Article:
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SoCalHoops High School News

CIF Boys State Finals Preview:   Division III
Bishop Montgomery v. Pleasanton Foothill--(March 16, 2000)

What: CIF State Finals--Division III Boys
When: Saturday, March 18, 2000
Time:  2:45 p.m.
Where: Arco Arena, Sacramento, CA
Who: TORRANCE BISHOP MONTGOMERY (27-5) vs. PLEASANTON FOOTHILL (29-4)

Bishop Montgomery's Knights are in the state final for the first time, and they, along with St. Bernard have the interesting distinction of being the first schools in the Southern Section to send both their boys and girls teams to the finals in the same season.  But this is supposed to be about BM. . . . and frankly, we're having trouble thinking about what to write, because we've written so much this year about Bishop Montgomery, that we just don't know where to start. . . How about this:  No. 1 team in the Southern Section in Division III-AA, Section champs, beat Compton Centennial for the title,  beat the Apaches again in the State Regional tournament, and then knocked off Morningside in the semifinals of the State Southern Regional.   A loaded team, featuring two of the top guards in the country, Errick and Derrick Craven, both 6'-2" wizards with the ball, two of the quickest, most athletic players you'll ever see at the high school level.  Heck, they're worth the price of admission to Arco alone.  Really.  Bishop Montgomery has other weapons, like Brian Pruitt inside, Kenny D'Oyen at the one, with his high arcing rainbow three pointers, like DeVaughn Peace running the wing or freshman Fred Washington banging   the boards. . . a tough, quick, tenacious team who know how to score: Errick Craven is averaging 20 ppg while brother Derrick is getting 17 ppg.  A big time team that like to run, run, and then run some more, always uptempo, swarming defense.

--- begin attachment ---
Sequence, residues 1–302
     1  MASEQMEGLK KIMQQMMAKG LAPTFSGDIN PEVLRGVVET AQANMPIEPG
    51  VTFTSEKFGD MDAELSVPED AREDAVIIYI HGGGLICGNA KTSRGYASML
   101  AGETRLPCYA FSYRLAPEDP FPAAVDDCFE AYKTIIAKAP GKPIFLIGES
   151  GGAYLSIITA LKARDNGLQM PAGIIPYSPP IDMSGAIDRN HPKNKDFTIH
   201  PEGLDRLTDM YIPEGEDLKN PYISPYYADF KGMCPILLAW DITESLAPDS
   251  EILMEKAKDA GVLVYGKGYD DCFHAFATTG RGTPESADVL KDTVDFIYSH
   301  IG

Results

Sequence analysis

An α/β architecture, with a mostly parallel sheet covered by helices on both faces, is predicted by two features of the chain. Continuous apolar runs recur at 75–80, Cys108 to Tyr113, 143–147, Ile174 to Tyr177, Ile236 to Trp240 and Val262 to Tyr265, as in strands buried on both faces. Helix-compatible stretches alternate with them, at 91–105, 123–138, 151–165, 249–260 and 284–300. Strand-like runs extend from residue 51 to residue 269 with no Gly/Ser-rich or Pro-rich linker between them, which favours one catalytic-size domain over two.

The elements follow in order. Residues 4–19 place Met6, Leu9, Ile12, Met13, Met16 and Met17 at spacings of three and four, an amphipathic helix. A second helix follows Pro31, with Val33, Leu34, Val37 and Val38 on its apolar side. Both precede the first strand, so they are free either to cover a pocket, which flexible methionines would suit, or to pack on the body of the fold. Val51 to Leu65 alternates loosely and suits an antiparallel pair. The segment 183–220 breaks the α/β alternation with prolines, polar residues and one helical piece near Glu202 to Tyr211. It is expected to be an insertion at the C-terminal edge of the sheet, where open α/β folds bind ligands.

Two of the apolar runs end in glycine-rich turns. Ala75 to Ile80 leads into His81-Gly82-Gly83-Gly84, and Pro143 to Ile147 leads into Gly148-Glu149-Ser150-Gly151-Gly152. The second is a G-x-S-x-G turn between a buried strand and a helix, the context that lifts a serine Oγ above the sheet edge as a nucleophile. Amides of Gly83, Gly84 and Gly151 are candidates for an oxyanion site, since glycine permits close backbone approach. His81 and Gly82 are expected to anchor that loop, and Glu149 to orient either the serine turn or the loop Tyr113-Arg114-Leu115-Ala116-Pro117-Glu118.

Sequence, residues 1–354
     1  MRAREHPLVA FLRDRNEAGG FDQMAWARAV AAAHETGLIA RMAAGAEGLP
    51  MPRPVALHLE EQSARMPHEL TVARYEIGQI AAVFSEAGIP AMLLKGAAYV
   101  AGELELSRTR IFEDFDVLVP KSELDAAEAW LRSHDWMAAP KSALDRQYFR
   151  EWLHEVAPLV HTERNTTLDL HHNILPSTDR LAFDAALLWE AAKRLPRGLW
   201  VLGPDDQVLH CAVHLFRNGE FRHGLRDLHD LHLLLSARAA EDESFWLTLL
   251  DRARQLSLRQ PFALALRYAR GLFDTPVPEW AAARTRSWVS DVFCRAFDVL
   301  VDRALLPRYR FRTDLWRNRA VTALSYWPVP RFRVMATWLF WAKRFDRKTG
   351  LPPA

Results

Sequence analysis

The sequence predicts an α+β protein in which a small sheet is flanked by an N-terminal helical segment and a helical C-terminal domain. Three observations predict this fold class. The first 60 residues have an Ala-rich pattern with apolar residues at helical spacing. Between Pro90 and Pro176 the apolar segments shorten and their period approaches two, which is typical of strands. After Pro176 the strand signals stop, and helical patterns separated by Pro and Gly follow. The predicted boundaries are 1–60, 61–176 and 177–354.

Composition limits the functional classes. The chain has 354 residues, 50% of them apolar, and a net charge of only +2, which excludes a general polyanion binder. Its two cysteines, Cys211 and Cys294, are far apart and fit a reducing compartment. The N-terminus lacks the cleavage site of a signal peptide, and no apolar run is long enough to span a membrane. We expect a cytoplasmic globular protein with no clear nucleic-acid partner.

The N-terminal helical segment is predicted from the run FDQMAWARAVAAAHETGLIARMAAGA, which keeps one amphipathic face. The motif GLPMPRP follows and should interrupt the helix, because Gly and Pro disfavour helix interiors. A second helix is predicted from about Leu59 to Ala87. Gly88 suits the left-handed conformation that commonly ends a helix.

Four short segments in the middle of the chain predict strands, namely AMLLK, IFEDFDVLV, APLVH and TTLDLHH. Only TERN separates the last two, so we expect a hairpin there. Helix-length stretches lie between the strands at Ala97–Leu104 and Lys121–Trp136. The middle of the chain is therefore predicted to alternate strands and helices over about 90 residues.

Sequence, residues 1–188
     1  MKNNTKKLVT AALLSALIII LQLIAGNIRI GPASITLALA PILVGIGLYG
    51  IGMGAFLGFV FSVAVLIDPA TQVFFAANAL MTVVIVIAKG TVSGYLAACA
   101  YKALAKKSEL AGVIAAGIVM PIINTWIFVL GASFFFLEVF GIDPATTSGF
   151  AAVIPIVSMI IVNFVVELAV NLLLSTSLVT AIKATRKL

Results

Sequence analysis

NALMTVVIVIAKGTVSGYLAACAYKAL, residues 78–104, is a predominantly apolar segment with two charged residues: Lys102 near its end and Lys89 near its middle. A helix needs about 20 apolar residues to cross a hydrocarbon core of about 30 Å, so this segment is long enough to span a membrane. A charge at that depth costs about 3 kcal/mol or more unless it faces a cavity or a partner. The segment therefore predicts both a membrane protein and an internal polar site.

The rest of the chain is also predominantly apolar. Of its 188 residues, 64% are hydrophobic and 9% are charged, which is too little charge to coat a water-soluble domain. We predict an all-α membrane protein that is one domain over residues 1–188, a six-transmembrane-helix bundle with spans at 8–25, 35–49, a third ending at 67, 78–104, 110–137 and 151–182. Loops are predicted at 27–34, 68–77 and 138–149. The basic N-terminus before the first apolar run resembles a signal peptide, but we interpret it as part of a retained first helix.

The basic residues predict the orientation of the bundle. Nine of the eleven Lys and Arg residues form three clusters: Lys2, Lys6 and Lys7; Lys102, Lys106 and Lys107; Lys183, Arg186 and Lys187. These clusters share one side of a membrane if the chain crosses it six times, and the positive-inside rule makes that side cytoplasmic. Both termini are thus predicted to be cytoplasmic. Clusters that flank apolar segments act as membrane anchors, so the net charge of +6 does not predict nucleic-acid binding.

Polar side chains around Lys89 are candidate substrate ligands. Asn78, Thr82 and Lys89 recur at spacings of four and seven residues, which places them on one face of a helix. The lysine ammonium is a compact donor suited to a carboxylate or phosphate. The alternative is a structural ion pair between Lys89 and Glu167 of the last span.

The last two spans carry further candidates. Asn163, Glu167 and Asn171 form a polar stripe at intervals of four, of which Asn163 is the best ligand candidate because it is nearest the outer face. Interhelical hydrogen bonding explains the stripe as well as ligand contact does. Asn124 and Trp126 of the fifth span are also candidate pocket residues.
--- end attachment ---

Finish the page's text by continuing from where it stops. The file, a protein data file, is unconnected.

What do we know about Pleasanton Foothill?  Not a lot.   We've actually never seen Foothill this season, but we've hunted around for some good info from some trusted sources, and we do know that they're led by three-point specialists Jay Chess and A.J. Costello. We've seen their roster (below), and we've seen their schedule and their results this season, as they went 21-3 overall through the regular season and 11-1 in the East Bay Athletic League, losing only to San Ramon Valley in their second league game on January 7. We also know that the Falcons have gotten by, like the Knights, pretty much with only six players seeing any real playing time. Matt Burkholder, a junior forward has turned into their most consistent player during the playoffs. and in the Northern Regional final he scored 19 points and grabbed eight rebounds in 29 minutes.  He's the guy that the Knights will have to stop if they want to win their first title. Burkholder will likely matchup with one of the Cravens, but he's turned into their go-to guy. 

Here's a look at the two rosters:

Bishop Montgomery Knights
Coach: Doug Mitchell
Pleasanton Foothill Falcons
Coach: Randy Issacs
 
0   Derrick Craven   6'-2" Jr. G
3   Brian Pruitt   6'-6" Sr. C
4   Daniel Fynarrdt   6'-1" Sr. G
5   Leland Dodd   6'-2" Jr. F
10   Brandon Peace   6'-0" Fr. G
11   Kenny D'Oyen   5'-9" Jr. G
12   Ian Salisbury   6'-0" Sr. G
13   Craig Caldwell   6'-2" Jr. F
21   DeVaughn Peace   6'-3" Jr. G
24   Errick Craven   6'-2" Jr. G
44   Fred Washington   6'-3" Fr. F
55   Gavin Lee   6'-4" So. F
 
10   Steve Stewart   6'-2" Sr. G